The State Board of Accountancy is paying $500,000 to settle seven lawsuits and 15 public-records disputes that grew out of an investigation into a Redmond accountant in 2005.
The accountant, D. Edson Clark, said the settlement exonerates him, clears his business partners and shines light onto the obscure accountancy board, which he said is in need of an independent investigation and reform.
The complaint against Clark alleged conflict of interest.
“Their whole ploy has been to vilify me as a nut case, a rich nut case. … My reputation has been tarnished in professional circles. It’s going to be restored because of this decision,’’ Clark said this week in a telephone interview from Hawaii, where he was vacationing.
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But the board’s executive director, Rick Sweeney, admits no wrongdoing and called the settlement a business decision. Accountants’ licensing fees will cover the cost and taxpayers won’t be affected, he said.
Board Chairman Edwin Jolicoeur of Spokane did not return calls seeking comment. But board Vice Chairman Gerald F. Ryles of Kirkland said the agency never intentionally withheld records and that the settlement was a decision about where best to put resources.
“Yes, to the naked eye, that is a lot of money. We didn’t come up with it lightly. On the other hand, you do try to weigh, where are we, how much longer does this go on? What things aren’t getting done as a result?” Sykes said Tuesday. He said he was impressed by the board and Sweeney’s professionalism in handling the complaints.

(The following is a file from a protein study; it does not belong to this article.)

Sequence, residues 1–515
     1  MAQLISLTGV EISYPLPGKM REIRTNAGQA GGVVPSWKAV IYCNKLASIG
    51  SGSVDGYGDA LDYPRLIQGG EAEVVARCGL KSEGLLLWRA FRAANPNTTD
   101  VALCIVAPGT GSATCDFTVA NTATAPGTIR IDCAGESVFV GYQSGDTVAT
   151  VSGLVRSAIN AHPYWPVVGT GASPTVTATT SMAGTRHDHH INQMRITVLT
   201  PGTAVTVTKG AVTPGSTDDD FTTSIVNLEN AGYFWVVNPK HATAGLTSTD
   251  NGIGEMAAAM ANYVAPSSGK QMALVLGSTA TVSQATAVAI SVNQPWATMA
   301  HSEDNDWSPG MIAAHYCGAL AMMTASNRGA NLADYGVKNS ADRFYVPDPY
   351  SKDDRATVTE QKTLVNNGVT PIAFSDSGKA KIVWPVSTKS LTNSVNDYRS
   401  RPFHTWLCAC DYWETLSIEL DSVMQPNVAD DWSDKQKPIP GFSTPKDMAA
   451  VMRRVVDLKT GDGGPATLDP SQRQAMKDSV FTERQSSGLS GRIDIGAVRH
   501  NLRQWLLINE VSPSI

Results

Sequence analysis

Even so, the long-running case has raised third parties’ questions about the conduct of the board’s top staff members. Thurston County Superior Court Judge Tom McPhee noted in June that the case was in court because of the board’s “incompetence’’ when it failed to answer requests for documents.
A King County judge, Douglass North, also called the board’s supervision of its top staffers troubling and questioned what he called Sweeney’s misrepresentations in his handling of a settlement offer to Clark in 2007.
Clark accused the board’s staff of corruption and has a complaint pending against the agency’s top staffers that could let him seek restitution from Sweeney if he prevails. Clark contends his out-of-pocket costs were $800,000 before the settlement.
Those costs include legal expenses for the court cases and records requests related to his defense of what he considers a retaliatory, out-of-control investigation into his actions; his attorney says the agency failed to release records that would have exonerated him.
But Mary Tennyson, assistant attorney general advising the board, said the statute exempts board staff members from sanctions under the accountancy act that governs certified public accountants in the field.
Sweeney has served as the executive director for the board since Gov. Chris Gregoire appointed him effective July 1, 2005. He said the board settled because it needed to put the costly case behind it and he had no misgivings about how the agency had acted.